Research and look at the work of the following historical comic creators:
- Charles M Schulz: ‘Peanuts’ newspaper comic strip (1950-2000)
- Stan Lee & Jack Kirby: superhero comics ‘The Fantastic Four’ and ‘Thor’(1960s)
- Hergé: ‘The Adventures of Tintin’ series of 22 books (1946-1976)
- Marjane Satrapi: ‘Persepolis’ (2000) and ‘Embroideries’ (2008) graphic novels
- Winsor McCay: ‘Little Nemo In Slumberland’ newspaper comic strip (1905-1926)
Make some notes in your learning log on each artist’s individual style and visual approach, considering questions like:
- How do they differ in terms of drawing style, page layout and the content of the stories?
- Are they drawn realistically, or more like children’s drawings or cartoons?
- Do they use a lot of black spaces or shading, or are they drawn in clean lines?
- What about the way they are written? Is the story told in dialogue, or in captions that describe the actions and motivations of the characters?
- When are they set?
- What are their stories about? Are they political, satirical, or fantastical?
- What kind of world do they take place in? Is it our world, or an imaginary world, or something in-between?
Charles M. Schulz: ‘Peanuts’ newspaper comic strip (1950-2000)
The Peanuts cartoon strips are set in America during the 1950s/1960s and based on a group of children (adults exist, but do not appear), with adult characteristics and personalities, humorously and philosophically playing out scenarios mostly based on adult situations. The characters were not realistic in design, but are clearly recognisable as children. The cartoons appeared in newspapers (and still do) along with ‘Sunday Funnies’.
The loose, clean and energetic lines suggest movement – even the backgrounds do not appear static. The lines are not straight or uniform in thickness. There is an emphasis on a minimalistic use of lines – Schulz included ‘only what is necessary’, which was in strong contrast to the majority of cartoons available at that time. The facial details consist of dots, lines and squiggles. Many of the cartoons are without colour and black ink has been used for any blocks of fill, such as a pair of shorts. Any suggestion of shading have been added using line strokes. Where colour has been added to any of the strips, it is flat.
Schulz also preferred to draw the cartoons onto paper directly with ink, rather than using an initial pencil sketch for guidance. Additionally, Schulz carried out the entire process of development himself, i.e. he wrote, sketched, inked and lettered each strip independent of any team.
Schulz was keen for the focus to be on the drawings rather than the words for the stories. Some of the panels were solely illustration based, so the emphasis was definitely on portraying character emotions, expressions and body language. Schulz was one of the first cartoonists to use ‘speech bubbles’ for dialogue of characters. The use of dialogue in the strips adds to the story, rather than just describing what is taking place.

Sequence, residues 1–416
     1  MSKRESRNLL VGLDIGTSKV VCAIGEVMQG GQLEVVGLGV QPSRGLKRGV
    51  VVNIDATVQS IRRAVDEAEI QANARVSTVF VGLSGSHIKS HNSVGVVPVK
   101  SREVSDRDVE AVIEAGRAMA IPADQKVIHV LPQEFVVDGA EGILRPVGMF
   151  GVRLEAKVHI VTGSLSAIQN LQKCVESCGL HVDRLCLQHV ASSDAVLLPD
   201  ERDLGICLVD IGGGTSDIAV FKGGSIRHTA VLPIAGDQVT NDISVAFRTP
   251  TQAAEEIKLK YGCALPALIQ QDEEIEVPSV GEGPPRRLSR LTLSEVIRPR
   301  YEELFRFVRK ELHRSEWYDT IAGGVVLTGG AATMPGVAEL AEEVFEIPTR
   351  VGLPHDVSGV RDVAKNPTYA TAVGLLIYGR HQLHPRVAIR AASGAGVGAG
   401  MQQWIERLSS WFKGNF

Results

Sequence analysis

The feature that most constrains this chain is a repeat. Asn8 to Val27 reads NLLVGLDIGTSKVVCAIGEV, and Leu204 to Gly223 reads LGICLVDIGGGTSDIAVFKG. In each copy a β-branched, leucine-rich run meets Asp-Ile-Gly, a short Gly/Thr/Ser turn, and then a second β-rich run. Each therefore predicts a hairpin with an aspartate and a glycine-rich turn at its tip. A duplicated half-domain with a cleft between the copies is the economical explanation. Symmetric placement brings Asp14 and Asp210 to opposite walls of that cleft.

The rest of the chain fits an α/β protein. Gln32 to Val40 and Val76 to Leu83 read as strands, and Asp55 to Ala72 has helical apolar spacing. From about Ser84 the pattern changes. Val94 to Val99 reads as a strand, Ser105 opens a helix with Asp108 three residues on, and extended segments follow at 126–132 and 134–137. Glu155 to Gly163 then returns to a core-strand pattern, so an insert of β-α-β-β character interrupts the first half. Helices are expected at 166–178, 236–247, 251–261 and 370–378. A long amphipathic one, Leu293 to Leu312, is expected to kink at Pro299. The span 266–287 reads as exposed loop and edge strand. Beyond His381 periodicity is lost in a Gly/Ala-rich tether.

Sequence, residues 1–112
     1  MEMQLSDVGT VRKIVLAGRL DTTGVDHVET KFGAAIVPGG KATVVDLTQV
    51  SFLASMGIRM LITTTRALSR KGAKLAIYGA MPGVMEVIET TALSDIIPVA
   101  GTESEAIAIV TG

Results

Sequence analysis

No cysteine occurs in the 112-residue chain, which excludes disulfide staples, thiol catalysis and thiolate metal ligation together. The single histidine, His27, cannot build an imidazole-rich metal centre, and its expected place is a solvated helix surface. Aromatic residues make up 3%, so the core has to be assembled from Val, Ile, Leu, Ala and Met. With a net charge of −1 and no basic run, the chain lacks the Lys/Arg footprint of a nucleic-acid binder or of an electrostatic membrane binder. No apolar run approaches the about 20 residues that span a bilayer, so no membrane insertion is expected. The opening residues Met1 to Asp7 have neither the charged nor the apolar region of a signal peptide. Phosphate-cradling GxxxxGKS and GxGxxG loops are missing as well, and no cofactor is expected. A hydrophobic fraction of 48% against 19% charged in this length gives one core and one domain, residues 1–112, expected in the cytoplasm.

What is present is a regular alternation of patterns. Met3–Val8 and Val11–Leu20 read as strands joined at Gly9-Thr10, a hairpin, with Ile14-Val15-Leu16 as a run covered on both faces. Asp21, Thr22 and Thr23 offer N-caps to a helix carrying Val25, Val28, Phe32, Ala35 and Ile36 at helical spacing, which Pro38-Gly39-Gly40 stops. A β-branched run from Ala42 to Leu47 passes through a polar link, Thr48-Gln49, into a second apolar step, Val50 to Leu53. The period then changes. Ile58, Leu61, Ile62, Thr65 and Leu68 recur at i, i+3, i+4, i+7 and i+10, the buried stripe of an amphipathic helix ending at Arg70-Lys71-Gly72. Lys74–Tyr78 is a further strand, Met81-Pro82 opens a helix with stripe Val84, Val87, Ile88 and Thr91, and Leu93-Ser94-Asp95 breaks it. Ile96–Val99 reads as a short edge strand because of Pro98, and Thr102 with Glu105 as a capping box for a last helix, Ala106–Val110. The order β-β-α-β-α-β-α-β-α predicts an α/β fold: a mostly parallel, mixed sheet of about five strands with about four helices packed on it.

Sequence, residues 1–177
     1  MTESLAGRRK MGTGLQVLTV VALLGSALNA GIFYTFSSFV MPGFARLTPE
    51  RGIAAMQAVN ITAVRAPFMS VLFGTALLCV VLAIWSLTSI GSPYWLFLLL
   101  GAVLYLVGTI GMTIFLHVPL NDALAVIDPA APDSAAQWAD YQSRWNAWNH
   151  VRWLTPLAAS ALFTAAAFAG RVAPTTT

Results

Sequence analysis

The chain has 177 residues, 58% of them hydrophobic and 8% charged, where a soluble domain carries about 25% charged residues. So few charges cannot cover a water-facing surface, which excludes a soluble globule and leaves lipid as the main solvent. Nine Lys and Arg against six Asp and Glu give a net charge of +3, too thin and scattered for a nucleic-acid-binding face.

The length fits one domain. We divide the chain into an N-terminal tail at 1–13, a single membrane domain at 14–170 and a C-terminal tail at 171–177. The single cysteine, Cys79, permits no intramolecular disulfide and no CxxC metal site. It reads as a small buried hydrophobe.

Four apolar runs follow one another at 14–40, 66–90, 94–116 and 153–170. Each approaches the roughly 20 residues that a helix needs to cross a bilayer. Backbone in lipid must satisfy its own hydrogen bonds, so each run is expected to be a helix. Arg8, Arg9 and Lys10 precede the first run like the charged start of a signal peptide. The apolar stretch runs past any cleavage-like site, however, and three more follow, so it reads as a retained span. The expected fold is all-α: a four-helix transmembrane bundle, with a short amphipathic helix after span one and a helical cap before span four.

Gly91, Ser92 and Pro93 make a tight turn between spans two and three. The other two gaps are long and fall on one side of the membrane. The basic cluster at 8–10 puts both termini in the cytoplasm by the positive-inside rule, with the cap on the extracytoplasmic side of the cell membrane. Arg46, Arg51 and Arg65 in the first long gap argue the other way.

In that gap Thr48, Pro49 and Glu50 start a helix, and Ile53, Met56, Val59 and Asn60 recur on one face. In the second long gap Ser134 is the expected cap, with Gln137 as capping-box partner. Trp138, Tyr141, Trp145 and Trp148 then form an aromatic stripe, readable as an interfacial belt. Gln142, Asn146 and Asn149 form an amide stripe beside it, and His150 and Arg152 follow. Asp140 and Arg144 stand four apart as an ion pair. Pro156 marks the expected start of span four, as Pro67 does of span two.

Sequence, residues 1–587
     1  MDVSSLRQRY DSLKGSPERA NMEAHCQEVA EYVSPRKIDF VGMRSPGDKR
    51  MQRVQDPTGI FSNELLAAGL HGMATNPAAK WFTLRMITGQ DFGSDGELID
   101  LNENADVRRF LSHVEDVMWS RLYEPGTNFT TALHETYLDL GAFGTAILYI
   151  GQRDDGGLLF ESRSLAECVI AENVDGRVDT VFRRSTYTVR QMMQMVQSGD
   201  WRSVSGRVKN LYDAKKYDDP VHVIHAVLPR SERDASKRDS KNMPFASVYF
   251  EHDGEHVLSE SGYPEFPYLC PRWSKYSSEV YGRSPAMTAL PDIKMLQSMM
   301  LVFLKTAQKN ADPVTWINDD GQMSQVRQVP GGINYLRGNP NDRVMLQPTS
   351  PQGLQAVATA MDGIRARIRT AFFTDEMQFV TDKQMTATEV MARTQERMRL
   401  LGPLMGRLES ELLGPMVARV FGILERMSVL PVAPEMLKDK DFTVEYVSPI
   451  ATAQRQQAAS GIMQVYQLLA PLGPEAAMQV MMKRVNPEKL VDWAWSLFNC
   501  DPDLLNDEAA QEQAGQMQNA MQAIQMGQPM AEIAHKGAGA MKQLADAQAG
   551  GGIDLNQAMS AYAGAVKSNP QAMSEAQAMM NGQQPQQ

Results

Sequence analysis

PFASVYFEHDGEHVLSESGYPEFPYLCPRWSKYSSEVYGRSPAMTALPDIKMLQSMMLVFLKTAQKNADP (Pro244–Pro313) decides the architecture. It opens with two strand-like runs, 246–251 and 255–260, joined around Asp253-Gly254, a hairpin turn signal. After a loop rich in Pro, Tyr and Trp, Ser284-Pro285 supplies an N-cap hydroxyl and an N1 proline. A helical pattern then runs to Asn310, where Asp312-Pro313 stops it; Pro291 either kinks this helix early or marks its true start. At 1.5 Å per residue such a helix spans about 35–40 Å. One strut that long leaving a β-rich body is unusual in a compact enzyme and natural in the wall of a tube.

Stan Lee & Jack Kirby: superhero comics ‘The Fantastic Four’ and ‘Thor’(1960s)
In stark contrast to Peanuts, the style of the Marvel comics from the 1960 was detailed and realistic. The characters were muscular/athletic and drawn in an anatomically correct way, although often exaggerated.
The stories were presented in comic books and the layout of panels across the pages included various arrangements (e.g. in terms of size and number per page). At the time of Marvel’s creation, Stan Lee came up with the stories whilst Jack Kirby created the artwork. Many of the stories are based on mythology/legends, such as Thor, and were adapted by Lee to fit in with his vision of a band of superheroes and villains.
In direct contrast to rival DC Comics, Lee created depth for the characters, with relatable back stories and personalities (including the villains), which made the readers empathise and see themselves in the characters. Meanwhile, Kirby also went against the norm in terms of drawing style by using extreme close-ups and exaggerating action/movement – creating much more dynamic compositions than had previously been seen in the genre.
Captions were placed within the densely illustrated panels, describing the scene and action, sometimes along with speech bubbles. Both of these were word-intensive, which meant the reader had to spend time taking everything in. The words were often long and quite complex, which reinforced Marvel’s desire to appeal to a wider range of audience, i.e. older, in comparison to DC, which was mainly read by young children at the time. Emphasis was placed on particular words by emboldening and italicising the font. Additionally, the text is all in uppercase and a regular size.